In 2010-11, fewer than one of every three students in the Egg Harbor City schools who was eligible for a free breakfast actually received one.
Since almost 80 percent of the students in the district are eligible for the free meal, district officials last year tried out several different systems to see if they could improve participation. .
This year, they began offering breakfast to every child in the district for free, including in the daily homeroom period, which was extended by a few minutes. The results show more than 80 percent of students are eating breakfast in school every day this year.
“Before, the children would stay outside to play, then not have time for breakfast,” said Adrienne Shulby, principal of the Charles L. Spragg School. “Then they would be hungry and not feel well in class, and we’d be sending them down to the nurse to get something to eat.”
Advocates for Children of New Jersey released its second Annual School Breakfast Report Tuesday showing that statewide, 20 percent more children, about 28,000 students, did get breakfast in school in 2011-12 than the year before.
Executive Director Cecilia Zalkind said she believes last year’s report and its campaign for breakfast participation has raised awareness and pushed more districts to pay attention to breakfast, especially for poor children who may have had little to eat for dinner.
“There’s still quite a way to go,” she said, noting that statewide, only about 35 percent of the more than 470,000 children eligible for free or reduced-price breakfast received it in March 2012. But, she said, schools are learning how to serve breakfast more quickly and efficiently, so she is hoping that message will spread.
“The three biggest issues still are when to serve it, where to serve it and how to clean up,” she said. Making breakfast part of the school day, and letting students eat in their classroom has been shown to be the most effective method. Some schools deliver breakfast to the classrooms, others let students “grab and go,” which involves taking a bagged breakfast from the cafeteria to class.
Several local districts are on the report’s top 20 list, including Wildwood, which ranked third in the state with 88 percent of students getting breakfast. Others in the top group were Lower Township with 78 percent participation, Lawrence Township in Cumberland County with 76 percent, the Vineland Charter School with 70 percent, Atlantic City with 64 percent and the Vineland School District with 63 percent.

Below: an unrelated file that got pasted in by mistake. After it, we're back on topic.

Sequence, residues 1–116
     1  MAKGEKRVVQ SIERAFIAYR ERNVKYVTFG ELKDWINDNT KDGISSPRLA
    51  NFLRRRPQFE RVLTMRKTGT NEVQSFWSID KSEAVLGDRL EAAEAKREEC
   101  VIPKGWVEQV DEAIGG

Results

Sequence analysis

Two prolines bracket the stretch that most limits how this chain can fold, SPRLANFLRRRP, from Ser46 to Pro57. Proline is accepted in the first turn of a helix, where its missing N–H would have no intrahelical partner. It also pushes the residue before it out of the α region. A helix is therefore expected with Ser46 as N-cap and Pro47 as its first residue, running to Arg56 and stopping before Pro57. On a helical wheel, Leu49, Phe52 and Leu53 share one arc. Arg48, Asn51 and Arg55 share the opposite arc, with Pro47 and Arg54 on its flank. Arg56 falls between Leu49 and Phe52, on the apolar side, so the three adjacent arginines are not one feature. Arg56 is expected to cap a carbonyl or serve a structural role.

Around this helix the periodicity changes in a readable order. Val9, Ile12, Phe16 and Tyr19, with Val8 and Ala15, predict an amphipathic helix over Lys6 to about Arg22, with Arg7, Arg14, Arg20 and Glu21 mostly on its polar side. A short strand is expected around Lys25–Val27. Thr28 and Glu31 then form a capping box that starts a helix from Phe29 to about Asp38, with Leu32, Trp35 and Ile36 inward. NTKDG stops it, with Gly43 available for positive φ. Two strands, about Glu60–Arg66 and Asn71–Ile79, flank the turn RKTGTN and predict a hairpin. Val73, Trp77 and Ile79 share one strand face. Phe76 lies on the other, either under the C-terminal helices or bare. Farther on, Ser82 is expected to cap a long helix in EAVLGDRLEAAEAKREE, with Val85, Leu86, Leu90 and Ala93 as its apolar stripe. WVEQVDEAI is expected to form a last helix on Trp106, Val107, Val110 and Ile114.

Lower Township also serves breakfast in the classroom, Food Service Director Robert Morris said. Breakfast is simple, a choice of low-sugar, whole grain cereals, milk, juice and fruit, which are easy to eat and clean up. The district also has about 80 percent of students eligible for the free or reduce-fee meal program, and offers breakfast to all students for free.
“They do ask for the sugary cereals, but they eat what we offer,” he said.
School districts with at least 20 percent of children eligible for the free and reduced-fee lunch program, about 400 districts statewide, are required to serve breakfast.
Zalkind said since districts get reimbursed by the federal government for children in the meal program, there is no reason not to try to offer breakfast. The report shows that if every eligible child got breakfast, school districts in Atlantic County would get an additional $4.2 million. In 2011-12 the participation rate was 39 percent.
In Cape May and Cumberland counties, where more than half of eligible children are getting breakfast, the extra reimbursement would be $493,000 and $2.5 respectively. Only 30 percent of eligible Ocean County children are getting breakfast, and districts could get an extra $3.5 million if every eligible child participated.
Zalkind said part of last year’s increase in participation may be due to an increase in the number of financially struggling families. Students whose families are eligible for food stamps are automatically eligible for the free meal program.
Ventnor saw a 10 percentage point increase in the number of children getting breakfast last year, from 28 percent to 38 percent. Food Service Director Theresa Cohen said the number of students eligible because their families receive food stamps doubled last year with more than 60 percent of the students in the district now eligible for either free or reduced-price meals.
The district follows the “grab and go” system where students pick up the breakfast and take it to class. Menu choices vary and include cereal, bagels with cream cheese, and yogurt and a muffin.
“I really believe the increase in participation is due to the economy,” Cohen said. “We’re still serving the same menu. And even if they are paying, where else can you get a filling breakfast for $1.40.”
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